Friday, March 04, 2016

The Poly Ticks

The goal of this blog is to avoid politics at the Friday night dinner table.
Dedicated to the continued and speedy recovery of my Mom, who is returned home from rehab this week and is doing better every day. (To dedicate a future Table Talk, send an email.

trump-cardAs you know, this space avoids politics and current events like the plague.

This week so many people have asked me my take on the popularity of Mr. Trump and my curiosity was piqued enough to do some research.

To me, the wild theories by non-Trump supporters trying to make sense of his popularity are even more extraordinary than his popularity itself.

According to NPR's Danielle Kurtzleben, quoting various polls and studies, people support Trump because they are un-intellectual xenophobic paranoids. The Washington Post's Jeff Guo says nearly the same thing.

"NerdWriter" Evan Puschak boils it down to the un-intellectual part, for Trump evidently speaks at a 3rd grade level. (There is a video version of Pushak's analysis here.)

The Atlantic, too, finds that his popularity is a result of (mostly poor white male) ignorance and racism.

This Huffington Post collumnist, under the headline "I Know the Real Reason Why Donald Trump is So Popular", has the chuzpa to say:

I don't even think most of the Trump supporters realize why they like him so much. They think they like Trump's "tough talk." But that's not what it is. They're simply hypnotized by the power of celebrity. It's sort of like how if your grandfather gets a tattoo, it's gross. Meanwhile, if an attractive woman gets the exact same tattoo, it's sexy. It's not the tattoo- it's the woman. It's not what Trump says- it's the celebrity saying it.

One common theory among the dumfounded is that the Trump phenomenon is nothing short of class-war-driven fascism. Consider this alarmed analysis from Presbyterian minister Chris Hedges:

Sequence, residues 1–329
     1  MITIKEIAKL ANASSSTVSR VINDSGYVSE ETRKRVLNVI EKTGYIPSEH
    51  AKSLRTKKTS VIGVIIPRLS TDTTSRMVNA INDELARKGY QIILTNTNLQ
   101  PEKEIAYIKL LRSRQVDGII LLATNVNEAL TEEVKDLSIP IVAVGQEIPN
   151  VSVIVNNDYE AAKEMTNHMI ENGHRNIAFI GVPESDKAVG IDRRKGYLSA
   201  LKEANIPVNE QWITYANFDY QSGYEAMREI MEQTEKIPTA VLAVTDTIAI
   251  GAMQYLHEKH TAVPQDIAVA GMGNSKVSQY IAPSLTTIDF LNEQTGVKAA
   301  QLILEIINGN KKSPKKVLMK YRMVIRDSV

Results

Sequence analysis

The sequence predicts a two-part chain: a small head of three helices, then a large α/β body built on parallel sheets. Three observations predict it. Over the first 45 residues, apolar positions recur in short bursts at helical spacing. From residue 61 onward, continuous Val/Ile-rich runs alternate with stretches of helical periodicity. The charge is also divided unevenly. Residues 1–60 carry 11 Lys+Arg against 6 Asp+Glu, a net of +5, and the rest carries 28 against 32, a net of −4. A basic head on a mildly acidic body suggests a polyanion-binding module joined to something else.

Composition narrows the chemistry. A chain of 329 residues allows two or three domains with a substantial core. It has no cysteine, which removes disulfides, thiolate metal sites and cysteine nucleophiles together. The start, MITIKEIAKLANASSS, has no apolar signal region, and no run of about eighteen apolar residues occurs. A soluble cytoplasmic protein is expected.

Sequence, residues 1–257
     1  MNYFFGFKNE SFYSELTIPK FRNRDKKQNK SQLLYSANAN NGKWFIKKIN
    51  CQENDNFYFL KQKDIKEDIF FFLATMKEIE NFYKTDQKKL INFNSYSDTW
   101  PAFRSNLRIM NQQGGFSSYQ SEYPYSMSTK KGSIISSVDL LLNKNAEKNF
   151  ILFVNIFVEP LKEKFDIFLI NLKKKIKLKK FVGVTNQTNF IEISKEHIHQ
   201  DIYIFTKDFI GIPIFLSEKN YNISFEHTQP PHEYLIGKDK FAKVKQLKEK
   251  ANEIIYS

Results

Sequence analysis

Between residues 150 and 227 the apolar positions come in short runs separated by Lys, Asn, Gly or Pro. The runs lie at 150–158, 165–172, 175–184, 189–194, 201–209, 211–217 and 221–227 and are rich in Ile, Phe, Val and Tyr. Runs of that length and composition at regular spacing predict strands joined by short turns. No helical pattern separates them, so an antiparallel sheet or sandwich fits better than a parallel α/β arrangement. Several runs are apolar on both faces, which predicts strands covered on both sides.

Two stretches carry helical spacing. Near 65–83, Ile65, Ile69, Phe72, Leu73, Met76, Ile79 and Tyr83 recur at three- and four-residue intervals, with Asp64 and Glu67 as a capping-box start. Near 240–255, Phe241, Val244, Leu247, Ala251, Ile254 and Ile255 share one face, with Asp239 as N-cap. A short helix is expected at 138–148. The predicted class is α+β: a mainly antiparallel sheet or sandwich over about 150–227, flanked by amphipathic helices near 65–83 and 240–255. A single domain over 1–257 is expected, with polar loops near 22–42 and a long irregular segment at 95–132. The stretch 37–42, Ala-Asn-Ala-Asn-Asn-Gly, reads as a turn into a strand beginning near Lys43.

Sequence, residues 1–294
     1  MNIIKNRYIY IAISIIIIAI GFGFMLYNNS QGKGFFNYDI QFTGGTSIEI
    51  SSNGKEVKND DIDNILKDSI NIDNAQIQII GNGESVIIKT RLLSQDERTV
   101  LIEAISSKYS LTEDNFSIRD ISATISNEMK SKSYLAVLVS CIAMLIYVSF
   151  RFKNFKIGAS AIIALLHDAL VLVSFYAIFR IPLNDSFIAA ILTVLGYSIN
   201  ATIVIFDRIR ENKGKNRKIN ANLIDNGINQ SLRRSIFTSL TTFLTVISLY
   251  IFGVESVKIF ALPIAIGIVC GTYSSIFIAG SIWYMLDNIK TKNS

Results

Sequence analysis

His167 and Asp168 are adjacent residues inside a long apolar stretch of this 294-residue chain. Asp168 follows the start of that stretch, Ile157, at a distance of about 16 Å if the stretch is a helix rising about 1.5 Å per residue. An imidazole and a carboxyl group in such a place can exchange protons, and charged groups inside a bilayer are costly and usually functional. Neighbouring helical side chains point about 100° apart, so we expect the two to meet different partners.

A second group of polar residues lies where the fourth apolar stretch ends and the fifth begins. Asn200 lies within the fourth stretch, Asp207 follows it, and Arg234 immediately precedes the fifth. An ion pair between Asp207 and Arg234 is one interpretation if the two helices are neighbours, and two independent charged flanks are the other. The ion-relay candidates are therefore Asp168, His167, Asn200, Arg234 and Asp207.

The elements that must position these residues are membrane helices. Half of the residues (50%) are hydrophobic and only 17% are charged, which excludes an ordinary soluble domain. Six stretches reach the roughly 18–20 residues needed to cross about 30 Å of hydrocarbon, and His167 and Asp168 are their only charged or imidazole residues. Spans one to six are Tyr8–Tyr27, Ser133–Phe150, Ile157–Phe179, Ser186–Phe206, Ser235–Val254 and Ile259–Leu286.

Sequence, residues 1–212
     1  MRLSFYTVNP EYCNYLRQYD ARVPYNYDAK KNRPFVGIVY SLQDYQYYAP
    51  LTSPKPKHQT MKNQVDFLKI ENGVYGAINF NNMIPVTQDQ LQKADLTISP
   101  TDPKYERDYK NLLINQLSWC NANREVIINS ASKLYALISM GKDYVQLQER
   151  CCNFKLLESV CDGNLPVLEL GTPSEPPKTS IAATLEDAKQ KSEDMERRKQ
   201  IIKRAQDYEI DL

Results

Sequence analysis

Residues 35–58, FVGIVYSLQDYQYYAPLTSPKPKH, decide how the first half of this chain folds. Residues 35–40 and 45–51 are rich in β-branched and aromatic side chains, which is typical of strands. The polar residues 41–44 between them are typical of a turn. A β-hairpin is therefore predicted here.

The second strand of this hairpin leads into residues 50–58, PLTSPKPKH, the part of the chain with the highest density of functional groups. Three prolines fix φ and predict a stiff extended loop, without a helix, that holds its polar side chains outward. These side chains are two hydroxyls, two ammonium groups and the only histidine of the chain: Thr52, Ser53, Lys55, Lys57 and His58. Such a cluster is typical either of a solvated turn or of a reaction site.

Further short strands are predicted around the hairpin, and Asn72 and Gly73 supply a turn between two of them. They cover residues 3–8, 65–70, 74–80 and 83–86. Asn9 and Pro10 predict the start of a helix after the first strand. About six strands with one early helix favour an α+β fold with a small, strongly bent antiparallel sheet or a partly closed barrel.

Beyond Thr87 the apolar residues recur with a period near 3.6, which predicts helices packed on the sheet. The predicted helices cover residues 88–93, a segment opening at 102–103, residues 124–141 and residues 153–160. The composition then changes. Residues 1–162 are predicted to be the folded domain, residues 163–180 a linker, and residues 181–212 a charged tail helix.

There are tens of millions of Americans, especially lower-class whites, rightfully enraged at what has been done to them, their families and their communities. They have risen up to reject the neoliberal policies and political correctness imposed on them by college-educated elites from both political parties: Lower-class whites are embracing an American fascism.

All of the above is, in my opinion, wishful thinking.

This morning C-SPAN asked Trump supports to call in and tell why they are Trump supporters.

Here is the entire 20-minute segment (requires updated Flash).

The callers were not under-educated. They were not mostly white males.

They were often women, mostly well-educated, sometimes African Americans.

Here's the basic message I heard from caller after caller:

"I support Trump because he is not trying to be a smooth-talking politician and because he is an outsider to the big-money-driven machine of Washington D.C. Yes, he's sometimes offensive or illogical, but those qualities are less offensive to me than being motivated by greed."

In other words, ever since September 26, 1960, we have allowed our video media to drive elections more and more towards style rather than substance.

Think about it: does being the sharpest debater make you the best president?

Along comes Mr. Trump and thumbs his nose at that entire image-driven culture. His willingness to say offensive things actually makes him appear more genuine and trustworthy.

He appears to say what he really believes and not merely insincere sweet talk in order to get elected.

That, as my grandfather would have said, is my two-bits.

Leaving you with this question for your table: Given the following alternatives, what's more important in a leader: that s/he should be a tactful, impressive statesman, or that s/he should be genuine and trustworthy?

Shabbat Shalom 

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